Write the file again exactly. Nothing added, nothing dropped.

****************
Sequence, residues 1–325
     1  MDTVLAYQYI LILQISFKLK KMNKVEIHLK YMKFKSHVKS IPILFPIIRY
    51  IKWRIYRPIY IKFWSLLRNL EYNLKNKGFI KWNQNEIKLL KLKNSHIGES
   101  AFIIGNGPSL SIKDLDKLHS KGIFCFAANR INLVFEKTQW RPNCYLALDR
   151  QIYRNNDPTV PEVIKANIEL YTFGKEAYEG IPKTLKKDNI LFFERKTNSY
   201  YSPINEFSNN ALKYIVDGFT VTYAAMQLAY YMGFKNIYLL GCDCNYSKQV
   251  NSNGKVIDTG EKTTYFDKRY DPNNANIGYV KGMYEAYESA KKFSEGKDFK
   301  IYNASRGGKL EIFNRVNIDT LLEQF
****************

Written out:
Sequence, residues 1–325
     1  MDTVLAYQYI LILQISFKLK KMNKVEIHLK YMKFKSHVKS IPILFPIIRY
    51  IKWRIYRPIY IKFWSLLRNL EYNLKNKGFI KWNQNEIKLL KLKNSHIGES
   101  AFIIGNGPSL SIKDLDKLHS KGIFCFAANR INLVFEKTQW RPNCYLALDR
   151  QIYRNNDPTV PEVIKANIEL YTFGKEAYEG IPKTLKKDNI LFFERKTNSY
   201  YSPINEFSNN ALKYIVDGFT VTYAAMQLAY YMGFKNIYLL GCDCNYSKQV
   251  NSNGKVIDTG EKTTYFDKRY DPNNANIGYV KGMYEAYESA KKFSEGKDFK
   301  IYNASRGGKL EIFNRVNIDT LLEQF